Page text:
|Teamsters strike UPS in 1997. Unlike today, the ranks were invited to participate in the contract campaign. By Labor Notes|
By Dave Berndt
A groundswell of resistance has developed among rank-and-file workers to a proposed concessionary contract at shipping giant United Parcel Service. Details of the 5-year tentative agreement, which covers 240,000 workers represented by the International Brotherhood Of Teamsters, were revealed in early May at a meeting of local union officers. The UPS contract is the largest collective bargaining agreement in the United States.
When negotiations began, IBT General Secretary Ken Hall declared that the talks were going to be about gains for members and concessions are off the table. Hall declared he would hold the line on pensions and health care and negotiate significant wage increases for low-paid part-timers, new full-time jobs, protection from management harassment, and reduce mandatory overtime for drivers, among other contract improvements.
Unlike most union bargaining these days, the IBT stated it would go on the offensive - looking for improvements instead of simply attempting to stop the bleeding of concessions. Many Teamsters applauded the move, considering UPS's $4.5 billion in after-tax profits and its dominance in the parcel market.
Despite being a massive bargaining unit at a highly profitable employer, UPS Teamsters have a laundry list of grievances. The majority of union workers at Big Brown are part-time warehouse workers, who are paid poverty-level wages. The company seeks to make these jobs so unattractive in order to encourage turnover, so workers don't stay around to enjoy increased pay and benefits. Those who do stay are harassed so management can replace them with cheaper new hires. Full-Time drivers, on the other hand, are paid well - yet they endure insane production standards, forced overtime, and management pressures.
The focus of bargaining shifted quickly after UPS proposed that members covered by UPS's company health care plan pay $90 a week in premiums, up from the current $0 premium. The IBT organized rallies across the country in UPS parking lots and union halls to defend health care benefits.
When the contract language was revealed, UPS Teamsters were disappointed to see few gains. Wage increases in the new contract are less than under the current contract. There are no additional raises for part-timers, and starting pay will be a measly $10 per hour for the life of the contract. Only 2350 new full-time warehouse jobs will be created, as compared to 20,000 in the last two contracts.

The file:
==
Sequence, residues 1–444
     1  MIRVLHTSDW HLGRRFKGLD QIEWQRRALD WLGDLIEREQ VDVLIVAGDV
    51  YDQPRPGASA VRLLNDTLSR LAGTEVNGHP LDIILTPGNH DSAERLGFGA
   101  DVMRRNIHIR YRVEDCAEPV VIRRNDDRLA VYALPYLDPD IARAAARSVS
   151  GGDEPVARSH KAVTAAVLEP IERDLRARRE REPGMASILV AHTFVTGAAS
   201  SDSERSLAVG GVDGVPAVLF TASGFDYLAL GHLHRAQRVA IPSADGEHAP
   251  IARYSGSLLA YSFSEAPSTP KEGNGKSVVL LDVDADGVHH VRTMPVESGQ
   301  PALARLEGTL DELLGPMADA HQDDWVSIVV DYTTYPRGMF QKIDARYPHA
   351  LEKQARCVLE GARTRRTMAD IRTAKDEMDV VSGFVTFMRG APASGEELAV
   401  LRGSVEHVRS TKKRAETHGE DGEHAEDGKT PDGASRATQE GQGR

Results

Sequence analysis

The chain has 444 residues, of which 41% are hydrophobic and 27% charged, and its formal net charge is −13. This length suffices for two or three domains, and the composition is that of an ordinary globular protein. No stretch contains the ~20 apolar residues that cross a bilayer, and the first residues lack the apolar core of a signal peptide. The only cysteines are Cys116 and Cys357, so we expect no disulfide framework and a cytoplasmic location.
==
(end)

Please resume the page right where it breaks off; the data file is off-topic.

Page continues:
Wage progression to top scale for full-time jobs is increased from 3 years to four. The anti-harassment language is weak. Drivers were also looking for improved language to stop forced overtime;the contract came up short.
However what really enraged UPS Teamsters is a health care plan that will cover 140,000 members. Members in the Central, Western, and Southern states would be moved from the current UPS-run health care plan to a union run plan with inferior benefits. Under the new plan members would pay higher deductibles, get a worse dental plan, pay more for prescriptions, and have higher co-pays.
UPS rank-and-file are asking why their union is taking concessions at a company that is making record profits. Additionally health care premiums for both current and future retirees will be raised from $50 a month to $300 by the end of the contract.
it is important to note that the driving force for UPS's demand for health care concessions is Obamacare. The Cadillac tax, which penalizes employers who offer health care plans deemed too generous, is giving companies the green light to slash benefits.
As details emerge from the Obamacare regulations. Low wage workers in these plans will be ineligible for subsidies like other workers in company plans or who buy health insurance.
A vote "no" campaign has spread like wildfire throughout the country. Self-made "vote no" t-shirts are being made and distributed. Teamsters For A Democratic Union, a nation-wide reform caucus, is distributing leaflets with information at the major hubs across the nation.
When former president Ron Carey lead the Teamsters, the power of the rank and file was unleashed to fight the bosses, culminating in the 1997 UPS strike that shut down the company and won major gains for workers. Instead of being pushed to the sidelines and forced to run "vote no" campaigns, the ranks were invited to participate in contract campaigns, and when the union went on strike, to lead mass picket lines.
A return to this type of leadership in the Teamsters, and every union, is the only way to stop the bleeding that is slowly killing the trade union movement.